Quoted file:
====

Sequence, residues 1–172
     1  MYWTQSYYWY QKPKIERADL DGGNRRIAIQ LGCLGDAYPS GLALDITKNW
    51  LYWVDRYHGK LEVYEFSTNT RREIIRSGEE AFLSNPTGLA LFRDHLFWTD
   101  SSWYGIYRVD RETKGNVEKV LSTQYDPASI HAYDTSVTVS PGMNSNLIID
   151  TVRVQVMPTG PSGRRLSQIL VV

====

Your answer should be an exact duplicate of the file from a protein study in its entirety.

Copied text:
Sequence, residues 1–172
     1  MYWTQSYYWY QKPKIERADL DGGNRRIAIQ LGCLGDAYPS GLALDITKNW
    51  LYWVDRYHGK LEVYEFSTNT RREIIRSGEE AFLSNPTGLA LFRDHLFWTD
   101  SSWYGIYRVD RETKGNVEKV LSTQYDPASI HAYDTSVTVS PGMNSNLIID
   151  TVRVQVMPTG PSGRRLSQIL VV